Across the world, governments and public health authorities have started to deploy surveillance tools to contain COVID-19. In the United States, the government is working with technology giants like Google and Facebook to use aggregated and anonymized location data of smartphone users to map the spread of the virus. Apple and Google’s recent announcement of a joint effort to build a contact tracing framework follows similar measures in other democracies like Taiwan and South Korea, which saw a high success rate in slowing down the spread of coronavirus infection. However, this success has been marred by unsettling questions about health surveillance, and the legal and regulatory challenges governments and corporations face in protecting citizens’ privacy and freedom. In some countries, cases of local authorities publicizing the names and addresses of coronavirus patients have further inflamed the public’s fears about the government’s encroachment on civil rights. In light of this, how can governments and corporations make the best use of their surveillance powers, while ensuring privacy is protected in the era of COVID-19? Looking into the future, what are some of the long-term impacts of digital surveillance across the globe?
Jennifer Daskal is a professor and Faculty Director of the Tech, Law, Security Program at American University Washington College of Law, where she teaches and writes in the fields of cyber, national security, criminal and constitutional law. Prior to joining the Department of Justice, Daskal was a senior counterterrorism counsel at Human Rights Watch, worked as a staff attorney for the Public Defender Service for the District of Columbia, and clerked for the Honorable Jed S. Rakoff. She also spent two years as a national security law fellow and adjunct professor at Georgetown Law Center. From 2016-2017, she was an Open Society Institute Fellow working on issues related to privacy and law enforcement access to data across borders. She is currently a Scholar-in-Residence at New America. Daskal’s scholarship has appeared in the Yale Law Journal, University of Pennsylvania Law Review, Vanderbilt Law Review, Stanford Law Review Online, and Harvard Journal of National Security Law, among other places. She has published widely in leading newspapers such as the New York Times, Washington Post, and The Atlantic, and has appeared on BBC, C-Span, MSNBC, and NPR, among other media outlets. She is also an Executive Editor of the Just Security blog.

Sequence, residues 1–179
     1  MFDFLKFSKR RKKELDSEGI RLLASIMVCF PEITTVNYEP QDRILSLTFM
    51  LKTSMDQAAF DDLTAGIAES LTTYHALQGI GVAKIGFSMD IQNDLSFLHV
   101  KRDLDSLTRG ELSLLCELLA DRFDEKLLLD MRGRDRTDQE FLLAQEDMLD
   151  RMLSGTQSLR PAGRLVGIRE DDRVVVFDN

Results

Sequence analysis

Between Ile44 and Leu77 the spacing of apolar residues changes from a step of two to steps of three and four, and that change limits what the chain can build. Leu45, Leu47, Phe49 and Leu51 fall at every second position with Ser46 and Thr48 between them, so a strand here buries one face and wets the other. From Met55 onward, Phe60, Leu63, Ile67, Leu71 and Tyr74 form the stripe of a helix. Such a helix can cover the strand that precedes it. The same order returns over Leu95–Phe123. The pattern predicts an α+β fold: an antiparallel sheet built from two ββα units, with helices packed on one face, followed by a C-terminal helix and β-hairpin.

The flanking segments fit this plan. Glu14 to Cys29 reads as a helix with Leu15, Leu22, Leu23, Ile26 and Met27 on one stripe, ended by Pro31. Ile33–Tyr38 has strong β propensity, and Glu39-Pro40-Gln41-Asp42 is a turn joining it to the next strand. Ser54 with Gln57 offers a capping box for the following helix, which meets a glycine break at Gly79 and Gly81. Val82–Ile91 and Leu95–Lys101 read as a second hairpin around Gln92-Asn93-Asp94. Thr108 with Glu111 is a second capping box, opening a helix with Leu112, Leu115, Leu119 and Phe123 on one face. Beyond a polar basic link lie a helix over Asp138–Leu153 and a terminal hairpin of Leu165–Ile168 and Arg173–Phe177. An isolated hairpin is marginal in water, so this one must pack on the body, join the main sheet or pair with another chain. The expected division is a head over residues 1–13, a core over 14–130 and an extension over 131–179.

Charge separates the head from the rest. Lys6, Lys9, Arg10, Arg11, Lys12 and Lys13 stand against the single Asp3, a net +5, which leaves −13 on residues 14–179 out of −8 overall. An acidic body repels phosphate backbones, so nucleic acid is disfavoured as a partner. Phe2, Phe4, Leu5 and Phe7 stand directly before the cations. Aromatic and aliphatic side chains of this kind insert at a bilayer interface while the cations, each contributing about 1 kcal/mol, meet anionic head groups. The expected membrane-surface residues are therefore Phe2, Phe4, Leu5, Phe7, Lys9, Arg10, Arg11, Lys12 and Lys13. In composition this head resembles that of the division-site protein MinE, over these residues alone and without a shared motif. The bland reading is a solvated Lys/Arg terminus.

Nikhil Pahwa is an entrepreneur, journalist, and activist. He is Founder and Editor of MediaNama, a publication and community focused on helping build an open, fair, and competitive digital ecosystem. Pahwa is currently working on expanding MediaNama’s readership and community in Asia, in order to drive cross-border collaborations on technology policy. MediaNama was recognized as an Ecosystem Builder in India by Fortune in 2016. He also led the Savetheinternet.in campaign in India, the largest grassroots campaign in the history of India that brought together 1.1 million people, leading to the creation of the strongest net neutrality regulations in the world. Pahwa is a leading voice for internet freedom in India. He has advocated for the right to privacy and has pushed back against India’s biometric ID system, censorship rules, and surveillance. He is a founding member of PEN Delhi, the Delhi chapter of PEN International, which campaigns against attacks on writers. He was also the founding chairman of the Internet Freedom Foundation, which works on open Internet issues in India. Pahwa is a TED Fellow and was named one of Indians of Tomorrow Under 35 by India Today in 2012. He is a 2019 Asia 21 Young Leader.
Tom Nagorski (moderator) is Executive Vice President of Asia Society. He joined the Asia Society following a three-decade career in journalism — having served most recently as Managing Editor for International Coverage at ABC News. He serves on Princeton University’s Advisory Council for the Department of East Asian Studies, and the Advisory Board of the Committee to Protect Journalists.